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start a statin

 

tell them to loose weight and stop over eating if they are heavy (BMI > 25)

 

ban partially hydrogenated (trans) and high fructose from their diet (my personal belief, not a lot of evidence to back it up)

wouldn't you trial 2 and 3 first?  statins are not benign drugs for some folks....As an endurance athlete I would probably have to stop running ultras if I took a statin due to the very real risk of statin+ dehydration= rhabdo...also did anything come of those studies showing those on statins are more likley to develop type 2 dm than matched folks not on a statin?

http://www.nytimes.com/2012/03/05/opinion/the-diabetes-dilemma-for-statin-users.html?_r=0

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Niacin used to be used in raising HDL. It's not really used anymore though.

 

The best for lowering triglycerides is Lopid. You can't use it in combination with a statin due to the possible side effect of rhabdo (most likely, it will just cause intense myalgias).

 

One combination that I use a lot to lower LDL is a statin + Zetia (Vytorin, for example is Zocor + Zetia).

 

Yes, lifestyle modification is ideal. But chances are that if a person has such elevated triglycerides that you absolutely need something to lower it (generally >500), good luck attempting a lifestyle modification. I have been surprised before though....

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What do you all think of Lovaza?  It's indication is for elevated trigs.  i've not been impressed with it.  I put my patients on a statin and avoid gemfibrizil when on a statin.

 

Those extremely high trig's (in the 1000's) are likely due to familial hypertriglyceridemia and may be hard to control.  Lipidologists can handle them.

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I've seen limited benefit with Lovaza, in fact in the past year haven't used it at all.

 

I have also seen very little true rhabdo with statins, fenofibrates or the combination. Many of the patients who report "myalgias/arthralgias" will RTC with inconsistent symptoms and the "I've been hearing a lot of bad things about these statin drugs". Normally CPK and/or any autoimmune tests will be negative (athough not usually needed). I have had a few people complain of fatigue, confusion, abdominal pain. At that point we will usually stop the statin see if symptoms improve.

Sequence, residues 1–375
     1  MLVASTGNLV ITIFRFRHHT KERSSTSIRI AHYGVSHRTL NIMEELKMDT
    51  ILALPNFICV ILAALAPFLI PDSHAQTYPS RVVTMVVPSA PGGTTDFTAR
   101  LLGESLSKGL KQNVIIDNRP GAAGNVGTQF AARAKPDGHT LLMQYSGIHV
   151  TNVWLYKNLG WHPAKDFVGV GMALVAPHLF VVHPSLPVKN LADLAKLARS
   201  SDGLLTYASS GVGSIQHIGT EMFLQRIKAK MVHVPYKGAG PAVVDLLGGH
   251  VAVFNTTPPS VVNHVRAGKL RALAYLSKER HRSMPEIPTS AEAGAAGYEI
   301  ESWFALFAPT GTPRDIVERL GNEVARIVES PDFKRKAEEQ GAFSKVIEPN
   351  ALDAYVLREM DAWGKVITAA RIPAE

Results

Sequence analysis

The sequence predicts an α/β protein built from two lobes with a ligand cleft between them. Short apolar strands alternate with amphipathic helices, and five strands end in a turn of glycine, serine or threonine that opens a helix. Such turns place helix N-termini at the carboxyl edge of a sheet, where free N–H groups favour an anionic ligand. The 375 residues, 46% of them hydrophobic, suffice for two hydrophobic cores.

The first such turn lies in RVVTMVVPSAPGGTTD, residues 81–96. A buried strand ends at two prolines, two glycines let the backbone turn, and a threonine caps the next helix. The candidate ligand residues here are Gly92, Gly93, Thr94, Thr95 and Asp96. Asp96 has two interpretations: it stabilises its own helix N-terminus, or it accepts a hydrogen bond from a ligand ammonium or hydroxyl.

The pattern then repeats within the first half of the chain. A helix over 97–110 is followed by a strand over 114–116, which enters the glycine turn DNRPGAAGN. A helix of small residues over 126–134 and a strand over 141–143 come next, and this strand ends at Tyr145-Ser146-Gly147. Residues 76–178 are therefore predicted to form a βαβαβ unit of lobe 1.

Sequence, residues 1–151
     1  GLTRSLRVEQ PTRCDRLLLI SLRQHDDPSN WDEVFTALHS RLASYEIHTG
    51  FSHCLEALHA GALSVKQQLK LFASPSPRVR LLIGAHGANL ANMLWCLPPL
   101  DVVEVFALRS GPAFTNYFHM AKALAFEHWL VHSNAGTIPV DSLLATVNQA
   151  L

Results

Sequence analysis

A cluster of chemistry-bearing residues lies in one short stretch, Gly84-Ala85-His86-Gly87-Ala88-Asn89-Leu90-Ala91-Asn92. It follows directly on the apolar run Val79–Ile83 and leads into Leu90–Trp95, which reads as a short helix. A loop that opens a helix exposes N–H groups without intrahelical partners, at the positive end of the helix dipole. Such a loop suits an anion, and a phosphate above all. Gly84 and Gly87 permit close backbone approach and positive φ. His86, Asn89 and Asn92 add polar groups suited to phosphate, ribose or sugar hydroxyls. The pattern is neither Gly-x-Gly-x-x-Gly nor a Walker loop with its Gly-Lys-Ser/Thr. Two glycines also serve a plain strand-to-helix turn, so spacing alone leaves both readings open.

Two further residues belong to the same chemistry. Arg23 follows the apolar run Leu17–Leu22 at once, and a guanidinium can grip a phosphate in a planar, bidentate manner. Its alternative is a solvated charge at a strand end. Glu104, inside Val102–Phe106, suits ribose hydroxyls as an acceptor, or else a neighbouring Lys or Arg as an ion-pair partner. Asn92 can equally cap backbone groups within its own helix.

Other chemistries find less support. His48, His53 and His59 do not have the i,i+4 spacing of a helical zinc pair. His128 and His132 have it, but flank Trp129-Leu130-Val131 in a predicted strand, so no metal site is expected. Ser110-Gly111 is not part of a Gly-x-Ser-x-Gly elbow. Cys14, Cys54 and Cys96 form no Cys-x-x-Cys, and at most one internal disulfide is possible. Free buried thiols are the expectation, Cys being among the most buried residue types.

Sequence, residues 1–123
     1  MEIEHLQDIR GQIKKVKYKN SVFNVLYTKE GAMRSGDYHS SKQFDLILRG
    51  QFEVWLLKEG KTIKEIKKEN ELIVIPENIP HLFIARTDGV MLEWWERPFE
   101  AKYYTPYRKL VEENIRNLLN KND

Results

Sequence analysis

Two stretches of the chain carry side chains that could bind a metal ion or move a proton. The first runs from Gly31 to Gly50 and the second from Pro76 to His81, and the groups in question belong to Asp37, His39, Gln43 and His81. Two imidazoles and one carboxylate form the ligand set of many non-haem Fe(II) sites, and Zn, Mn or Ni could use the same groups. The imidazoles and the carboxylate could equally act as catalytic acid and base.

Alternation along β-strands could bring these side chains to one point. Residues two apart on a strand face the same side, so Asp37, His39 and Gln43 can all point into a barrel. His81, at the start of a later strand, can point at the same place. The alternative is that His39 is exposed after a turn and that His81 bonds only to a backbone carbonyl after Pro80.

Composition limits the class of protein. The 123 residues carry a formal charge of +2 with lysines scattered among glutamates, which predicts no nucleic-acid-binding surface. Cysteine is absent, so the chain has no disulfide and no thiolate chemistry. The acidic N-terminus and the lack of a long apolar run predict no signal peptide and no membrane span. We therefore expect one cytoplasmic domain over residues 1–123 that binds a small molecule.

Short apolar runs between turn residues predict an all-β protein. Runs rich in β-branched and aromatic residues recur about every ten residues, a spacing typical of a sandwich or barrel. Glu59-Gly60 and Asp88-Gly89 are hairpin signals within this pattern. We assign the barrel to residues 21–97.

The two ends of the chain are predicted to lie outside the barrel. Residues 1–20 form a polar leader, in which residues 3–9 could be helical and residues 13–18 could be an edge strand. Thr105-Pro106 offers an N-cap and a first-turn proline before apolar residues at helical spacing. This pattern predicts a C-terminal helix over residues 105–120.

It is important to remember the two types of statins, both hydrophilic (crestor, pravachol) and lipophilic (lipitor, zocor). Then there is always the new kid on the block, Livalo, which I have had great success with. If a patient truly needs a statin there is often times another dosing regimen to consider, such as every 2nd or 3rd day. Statins do have a decent half-life and I've had success with MWF dosing in select patients. Zetia dose provide a nice LDL drop, but is often times too costly for many of my patients. Cost is also a factor with Crestor and Livalo to be fair.

 

Although not ideal, I will use fenofibrates and statins together and actually see many patients managed by their cardiologist return on the combination. Just this week I had a patient with a triglyceride level of 423 and a direct LDL of 88 currently on Pravastain 40mg. His options are stronger statin (Crestor, Lipitor) which may help further reduce triglycerides, addition of a fenofibrate or fish oil/Lovaza. He chose fenofibrate and a chart review revealed he was once on Tricor with no problems. We'll follow-up in 4-6 weeks to recheck and likely include a CPK with any complaints.

 

From Dynamed, “combination of statin plus triglyceride-lowering drug (fibrate or niacin) may be more effective for improving lipid profile than monotherapy (level 3 [lacking direct] evidence), but associated with increased risk for myopathy (level 2 [mid-level] evidence) “